Sickert painted this view of the promenade at Hove in Sussex, with two figures seated on a bench, when he was 70 years old. Sickert gave the piece a subtitle taken from a line in Ovid’s Amores
, which suggests that old men shouldn’t be soldiers or lovers. The man on the bench is thought by some to be a self-portrait, and the couples’ interaction a humorous and self-deprecating comment on his flirtatious nature, and the experience of growing old.
Please note that the largest print size we are able to offer for this artwork is 60 x 80 cm.
Walter Richard Sickert
The Front at Hove (Turpe Senex Miles Turpe Senilis Amor)
FSC Certified paper and wood
Date of work
Original: The Front at Hove (Turpe Senex Miles Turpe Senilis Amor) 1930 Oil paint on canvas 63.5 x 76.2 cm Tate. Purchased 1932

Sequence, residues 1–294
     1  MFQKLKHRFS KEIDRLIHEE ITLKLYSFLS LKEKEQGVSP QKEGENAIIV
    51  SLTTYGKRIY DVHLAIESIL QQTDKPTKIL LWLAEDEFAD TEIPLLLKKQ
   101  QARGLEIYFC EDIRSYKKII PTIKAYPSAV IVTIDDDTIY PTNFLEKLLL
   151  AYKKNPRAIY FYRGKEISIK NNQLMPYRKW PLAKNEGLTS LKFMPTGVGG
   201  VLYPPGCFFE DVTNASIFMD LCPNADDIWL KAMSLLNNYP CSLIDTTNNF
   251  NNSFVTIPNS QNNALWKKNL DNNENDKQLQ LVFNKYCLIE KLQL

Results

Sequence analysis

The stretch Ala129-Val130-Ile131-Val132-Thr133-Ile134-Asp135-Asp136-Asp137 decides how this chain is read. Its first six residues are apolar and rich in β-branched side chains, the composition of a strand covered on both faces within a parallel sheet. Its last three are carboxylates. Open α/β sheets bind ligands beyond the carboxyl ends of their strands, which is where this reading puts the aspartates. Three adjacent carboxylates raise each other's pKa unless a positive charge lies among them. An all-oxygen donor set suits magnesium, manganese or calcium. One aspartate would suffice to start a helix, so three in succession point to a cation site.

Walter Richard Sickert (1860–1942) was considered one of the most influential British artists of the 20th century. He had a direct influence on the style and subject matter of artists in the Camden Town Group and the Euston Road School. Sickert’s active career as an artist lasted for nearly 60 years and his output was vast, including many domestic interiors, portraits, townscapes and theatrical subjects, later basing many of his paintings on photos. Also a writer and teacher, he was a proactive, political force in artistic circles. He was acknowledged as a catalyst for progress and modernity, yet someone who remained independent of groups, cliques and categories.